(Quick aside: what level of geek do you have to be to use the term “canonical” in a sentence? Worse, what level of geek do you have to be to come up with a term that actually includes the word “canonical”? Yikes. It’s a good think I’m basically in touch with my inner geek.)
The idea behind the Ten Canonical Errors is that every time I learn a technology, when I start to use it there will be at least ten mistakes I’ll make that will cost me hours if not days. It doesn’t matter how many books I’ve read or people I’ve talked to, I’m still going to get stuck over and over. It’s inevitable. No matter how much I try to avoid them, the mistakes are going to happen. It’s just part of the process, just an extremely aggravating part.
That nice, clean XML, because I put in the “
Eventually (and it took a while), I discovered this little paragraph in the XHTML specification:
“Given an empty instance of an element whose content model is not
EMPTY (for example, an empty title or paragraph) do not use the minimized form (e.g. use
<p> </p> and not
So guess what that means? I have to write
instead, because even though I don’t have anything between the open and close tags, the fact that it’s possible to have something between them means I’m not allowed to minimize the tag, even though that’s perfectly valid XML.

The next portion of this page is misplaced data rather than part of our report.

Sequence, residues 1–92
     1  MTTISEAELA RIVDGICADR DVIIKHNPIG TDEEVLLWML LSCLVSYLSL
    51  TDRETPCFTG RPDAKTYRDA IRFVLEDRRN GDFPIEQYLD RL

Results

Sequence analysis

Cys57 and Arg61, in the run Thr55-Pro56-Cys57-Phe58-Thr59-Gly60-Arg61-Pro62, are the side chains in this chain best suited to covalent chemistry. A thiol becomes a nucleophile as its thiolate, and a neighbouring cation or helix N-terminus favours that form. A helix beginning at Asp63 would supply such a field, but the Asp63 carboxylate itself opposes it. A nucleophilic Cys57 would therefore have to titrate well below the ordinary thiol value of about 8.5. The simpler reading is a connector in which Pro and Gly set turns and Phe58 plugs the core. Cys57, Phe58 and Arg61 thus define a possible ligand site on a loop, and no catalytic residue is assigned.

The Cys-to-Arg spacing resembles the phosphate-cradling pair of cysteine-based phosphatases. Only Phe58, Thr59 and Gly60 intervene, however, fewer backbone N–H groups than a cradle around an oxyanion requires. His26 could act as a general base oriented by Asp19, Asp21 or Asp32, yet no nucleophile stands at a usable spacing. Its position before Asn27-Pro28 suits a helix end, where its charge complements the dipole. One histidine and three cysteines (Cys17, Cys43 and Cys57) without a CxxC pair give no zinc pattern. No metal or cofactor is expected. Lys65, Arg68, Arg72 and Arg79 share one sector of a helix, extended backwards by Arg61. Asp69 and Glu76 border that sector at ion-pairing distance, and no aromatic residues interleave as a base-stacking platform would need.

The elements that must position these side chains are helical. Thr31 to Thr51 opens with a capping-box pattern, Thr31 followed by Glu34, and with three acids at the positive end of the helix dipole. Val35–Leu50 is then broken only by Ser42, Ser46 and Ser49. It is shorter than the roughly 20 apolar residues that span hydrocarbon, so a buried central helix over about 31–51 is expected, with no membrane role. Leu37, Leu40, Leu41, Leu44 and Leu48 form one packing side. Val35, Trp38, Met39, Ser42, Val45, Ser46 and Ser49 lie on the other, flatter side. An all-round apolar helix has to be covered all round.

Grr. I can’t believe somebody decided that. I have no idea what they were thinking. Still, it didn’t matter how many books I read ahead of time, it was probably inevitable that I was going to miss that. The only good thing about making it was that I could then check one off in the Ten Canonical Errors column.
By this point in my career, though, I generally have a vague sense of how far along I am along the errors path. I’ll describe myself as about two errors in, or even as many as eight. I don’t think I ever consider myself past all ten, no matter how long I’ve been in the field. Still, if I can get past six or seven, I generally feel pretty comfortable using the technology, and I know that if a problem comes up I’ll eventually be able to figure it out.
These days I’d say I was around a 7 on Hibernate and JPA, maybe a 6 or 7 on Spring (it’s so big there are still so many things I haven’t done yet), maybe only a 4 or 5 on JSF, and certainly a 9 on basic Java and probably close to that on server side and advanced Java topics. I’ve been using this stuff for quite some time now.
On Groovy, though, I wouldn’t put myself beyond a 4 yet, though I’m making progress. I didn’t think I was much beyond a 2 on Grails, but the fact that it’s based on Groovy, Spring, and Hibernate means I’m learning fast.
In terms of time invested, I’ve been playing with Groovy since about January, so that’s most a year at this point. I’ve read the bulk of the Grails book, too, so I’m not completely unaware of how it works. Still, when I compare it to what I can do in Java, it’s easy to get intimidated. But Groovy is so much more fun, that the sheer enjoyment of using it keeps me going.
(The whole transition from Java to Groovy really helps me identify with my poor COBOL programmers in my Intro Java classes. That transition is brutal. Moving from Fortran to Java was very hard for me, too, but I made that transition way back in the mid 90’s.)
I was going to post that code here today, but it’s been a long day and this post has already gotten out of hand. Look for some good coding info starting tomorrow. 🙂